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Is dying your hair attention seeking?

Hair dyeing has become increasingly popular over the past few decades, with people using it to express themselves or simply try a new look. However, some believe that dyeing your hair an unnatural color is just a ploy for attention. In this article, we’ll explore both sides of this debate.

The history of hair dye

Hair dye has been used for thousands of years, dating back to the ancient Egyptians, Romans, and Greeks. However, most early hair dyes were made from natural ingredients and used to cover grey hairs or darken hair. The first synthetic hair dye was created in 1907, opening up more radical hair color options. By the 1960s and 70s, vivid hair colors started emerging as both a fashion statement and form of rebellion. Punk rockers and their followers embraced neon spikes and multi-colored mohawks. Since then, fantasy hair colors have moved steadily into the mainstream. Today it’s not uncommon to see people with vivid blues, greens, pinks, and purples.

Motivations for dyeing hair

There are many reasons people dye their hair besides wanting attention:

  • Covering up grey hairs
  • Trying a new look or reinventing your image
  • Expressing your creativity or personality
  • Making a statement
  • Matching your style to your clothes or makeup
  • Looking edgy, punk, goth, etc
  • Rebelling against societal norms
  • Showing team spirit for sports
  • Showing school spirit
  • Showing spirit for a cause or charity event
  • Matching your hair to a costume or cosplay
  • Trying the latest trend or fashion
  • Following celebrity hair colors

While attention may play a small role, most people who dye their hair loud colors do it for themselves first. They simply enjoy the look and what it communicates about them. Many say it gives them confidence and allows them to outwardly express who they are.

The attention seeking stereotype

Despite the many harmless reasons people dye their hair, there is still a stereotype that those with unnaturally colored hair are just doing it for attention. This stereotype likely stems from a few factors:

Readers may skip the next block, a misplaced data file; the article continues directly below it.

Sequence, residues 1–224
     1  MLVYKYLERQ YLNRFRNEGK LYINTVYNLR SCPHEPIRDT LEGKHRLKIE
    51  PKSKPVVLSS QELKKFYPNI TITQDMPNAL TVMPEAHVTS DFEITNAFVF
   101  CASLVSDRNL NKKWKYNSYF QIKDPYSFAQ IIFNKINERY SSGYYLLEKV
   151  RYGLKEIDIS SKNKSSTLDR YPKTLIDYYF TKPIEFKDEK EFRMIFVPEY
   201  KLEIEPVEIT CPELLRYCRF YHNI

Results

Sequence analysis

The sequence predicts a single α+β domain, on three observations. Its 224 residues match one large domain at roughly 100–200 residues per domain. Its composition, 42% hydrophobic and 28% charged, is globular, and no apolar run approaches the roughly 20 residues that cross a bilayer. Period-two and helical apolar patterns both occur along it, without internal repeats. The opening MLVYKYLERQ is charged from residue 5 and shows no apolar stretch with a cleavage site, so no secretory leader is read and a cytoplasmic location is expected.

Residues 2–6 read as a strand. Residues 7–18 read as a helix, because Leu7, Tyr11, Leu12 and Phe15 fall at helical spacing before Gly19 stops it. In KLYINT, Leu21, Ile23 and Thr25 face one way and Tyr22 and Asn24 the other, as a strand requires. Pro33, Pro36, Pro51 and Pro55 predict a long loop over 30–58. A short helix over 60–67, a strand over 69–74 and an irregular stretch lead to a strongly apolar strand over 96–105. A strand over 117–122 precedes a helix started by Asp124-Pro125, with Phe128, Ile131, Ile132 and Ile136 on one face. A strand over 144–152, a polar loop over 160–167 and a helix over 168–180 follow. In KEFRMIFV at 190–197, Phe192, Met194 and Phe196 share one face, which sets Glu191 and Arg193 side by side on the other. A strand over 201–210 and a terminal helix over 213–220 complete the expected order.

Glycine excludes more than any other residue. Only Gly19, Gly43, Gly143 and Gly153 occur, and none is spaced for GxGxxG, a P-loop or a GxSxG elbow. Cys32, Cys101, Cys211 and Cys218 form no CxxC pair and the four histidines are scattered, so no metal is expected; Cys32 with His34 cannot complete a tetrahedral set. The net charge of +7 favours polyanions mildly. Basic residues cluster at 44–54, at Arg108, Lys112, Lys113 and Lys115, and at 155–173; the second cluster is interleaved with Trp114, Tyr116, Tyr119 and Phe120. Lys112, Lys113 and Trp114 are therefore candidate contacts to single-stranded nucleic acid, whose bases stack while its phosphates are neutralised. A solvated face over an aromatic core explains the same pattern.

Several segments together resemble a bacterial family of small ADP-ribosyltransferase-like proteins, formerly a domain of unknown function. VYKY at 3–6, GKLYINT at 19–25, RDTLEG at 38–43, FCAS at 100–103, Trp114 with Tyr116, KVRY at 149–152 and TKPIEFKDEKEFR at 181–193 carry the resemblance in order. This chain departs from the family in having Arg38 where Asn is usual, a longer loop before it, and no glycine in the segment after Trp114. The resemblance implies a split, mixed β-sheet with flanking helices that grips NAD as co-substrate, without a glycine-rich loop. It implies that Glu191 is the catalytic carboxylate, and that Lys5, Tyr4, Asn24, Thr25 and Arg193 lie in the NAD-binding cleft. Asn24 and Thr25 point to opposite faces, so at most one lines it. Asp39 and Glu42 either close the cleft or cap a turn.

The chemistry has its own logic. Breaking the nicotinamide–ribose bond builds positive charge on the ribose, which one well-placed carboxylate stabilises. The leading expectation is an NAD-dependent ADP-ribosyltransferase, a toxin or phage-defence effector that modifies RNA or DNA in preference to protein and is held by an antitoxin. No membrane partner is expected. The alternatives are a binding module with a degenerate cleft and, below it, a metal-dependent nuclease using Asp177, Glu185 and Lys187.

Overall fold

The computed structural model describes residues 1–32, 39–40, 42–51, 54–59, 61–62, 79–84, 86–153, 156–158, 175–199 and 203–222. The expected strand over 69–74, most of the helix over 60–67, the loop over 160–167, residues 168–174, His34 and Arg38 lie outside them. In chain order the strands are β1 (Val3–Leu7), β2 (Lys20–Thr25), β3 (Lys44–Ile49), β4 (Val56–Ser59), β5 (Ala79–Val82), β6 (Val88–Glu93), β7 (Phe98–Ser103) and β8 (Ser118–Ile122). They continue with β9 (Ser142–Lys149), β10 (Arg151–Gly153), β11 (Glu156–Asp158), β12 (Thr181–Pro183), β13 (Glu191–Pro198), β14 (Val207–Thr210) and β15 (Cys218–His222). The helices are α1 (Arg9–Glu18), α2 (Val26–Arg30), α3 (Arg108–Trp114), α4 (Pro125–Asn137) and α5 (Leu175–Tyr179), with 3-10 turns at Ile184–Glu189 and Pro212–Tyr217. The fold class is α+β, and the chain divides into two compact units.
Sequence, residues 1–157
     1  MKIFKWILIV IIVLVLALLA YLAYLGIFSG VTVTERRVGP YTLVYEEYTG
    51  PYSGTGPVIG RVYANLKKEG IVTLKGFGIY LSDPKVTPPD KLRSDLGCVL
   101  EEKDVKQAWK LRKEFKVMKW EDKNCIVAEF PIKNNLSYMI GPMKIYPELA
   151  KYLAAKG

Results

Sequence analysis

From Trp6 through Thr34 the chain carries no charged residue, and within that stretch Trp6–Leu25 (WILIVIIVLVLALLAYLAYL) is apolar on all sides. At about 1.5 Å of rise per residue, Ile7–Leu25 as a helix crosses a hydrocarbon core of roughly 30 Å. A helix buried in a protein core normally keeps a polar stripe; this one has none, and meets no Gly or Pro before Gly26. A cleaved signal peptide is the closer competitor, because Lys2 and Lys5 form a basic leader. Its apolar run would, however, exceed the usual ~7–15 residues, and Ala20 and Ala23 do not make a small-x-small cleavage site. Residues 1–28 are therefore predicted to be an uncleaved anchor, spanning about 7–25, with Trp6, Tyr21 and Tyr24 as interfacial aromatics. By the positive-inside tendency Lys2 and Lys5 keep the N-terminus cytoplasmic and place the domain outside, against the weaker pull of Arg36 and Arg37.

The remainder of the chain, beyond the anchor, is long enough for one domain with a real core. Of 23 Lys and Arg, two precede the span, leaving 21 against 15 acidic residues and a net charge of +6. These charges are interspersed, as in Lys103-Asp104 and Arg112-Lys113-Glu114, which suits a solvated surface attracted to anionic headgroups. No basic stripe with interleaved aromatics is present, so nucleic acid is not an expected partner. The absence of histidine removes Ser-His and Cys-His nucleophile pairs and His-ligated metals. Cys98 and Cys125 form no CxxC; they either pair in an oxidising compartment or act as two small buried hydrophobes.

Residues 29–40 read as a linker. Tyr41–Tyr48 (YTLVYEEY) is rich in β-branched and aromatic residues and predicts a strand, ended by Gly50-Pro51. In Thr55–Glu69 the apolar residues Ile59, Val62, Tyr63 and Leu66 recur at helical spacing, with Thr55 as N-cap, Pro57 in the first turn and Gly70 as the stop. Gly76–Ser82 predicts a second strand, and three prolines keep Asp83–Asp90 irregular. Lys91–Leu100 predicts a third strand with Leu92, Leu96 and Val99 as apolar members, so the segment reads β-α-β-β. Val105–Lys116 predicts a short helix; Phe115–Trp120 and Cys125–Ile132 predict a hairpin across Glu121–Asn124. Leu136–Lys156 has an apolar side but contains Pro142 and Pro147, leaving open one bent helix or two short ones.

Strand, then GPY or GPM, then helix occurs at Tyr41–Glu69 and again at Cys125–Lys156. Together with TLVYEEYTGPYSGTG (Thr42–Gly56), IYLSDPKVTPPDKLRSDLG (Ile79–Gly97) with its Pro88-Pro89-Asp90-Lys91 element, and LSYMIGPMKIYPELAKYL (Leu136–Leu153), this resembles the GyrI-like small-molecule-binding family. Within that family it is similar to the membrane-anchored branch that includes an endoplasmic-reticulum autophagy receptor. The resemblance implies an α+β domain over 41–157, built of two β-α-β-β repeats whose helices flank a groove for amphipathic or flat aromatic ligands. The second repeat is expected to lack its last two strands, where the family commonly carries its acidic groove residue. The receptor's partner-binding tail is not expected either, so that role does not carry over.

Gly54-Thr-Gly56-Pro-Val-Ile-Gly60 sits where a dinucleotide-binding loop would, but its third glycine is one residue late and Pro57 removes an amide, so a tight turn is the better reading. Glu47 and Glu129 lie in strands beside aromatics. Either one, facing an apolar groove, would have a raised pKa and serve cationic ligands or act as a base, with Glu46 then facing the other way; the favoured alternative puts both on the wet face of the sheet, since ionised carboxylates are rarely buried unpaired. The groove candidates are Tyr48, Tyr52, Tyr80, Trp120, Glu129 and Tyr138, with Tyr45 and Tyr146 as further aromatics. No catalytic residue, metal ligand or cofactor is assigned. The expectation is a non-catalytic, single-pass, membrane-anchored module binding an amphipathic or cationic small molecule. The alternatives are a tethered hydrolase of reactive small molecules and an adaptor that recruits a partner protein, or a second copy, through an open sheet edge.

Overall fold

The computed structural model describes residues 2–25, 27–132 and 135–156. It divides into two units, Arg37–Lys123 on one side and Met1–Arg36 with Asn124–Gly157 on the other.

• Vivid hair dyes are eye-catching – people may assume someone wants the attention if they have loud hair
  • It’s seen as non-conformist – some think rejecting societal norms is just about wanting attention
  • It’s more common in youth subcultures – people may assume teens just want attention from peers
  • It’s attention getting by nature – so people assume that must be the goal

There’s also sometimes an assumption that people who dye their hair odd colors are compensating for lacking personality or other positive traits. However, there’s no research to back up the stereotype that those with brightly colored hair are more attention seeking than anyone else.

Personality studies on hair dyeing

Some small studies have looked at personality differences between women who do and don’t dye their hair. Results showed:

  • Women who dyed their hair were more likely to be extroverted and open to new experiences
  • They were more motivated by a need for uniqueness
  • They tended to reject conventional gender roles
  • They placed more importance on appearance than women with virgin hair

While women who dyed their hair did care more about appearance, the studies didn’t suggest they were more attention seeking. Need for uniqueness and rejection of norms seemed more predictive of hair dyeing. Other studies have found no significant personality differences between those who do and don’t dye their hair.

Peer perceptions of women with colored hair

Research into how women with colored hair are perceived found:

Hair Color Perceived Traits
Black Boring, dependable, predictable
Blonde Attention seeking, sexy, less intelligent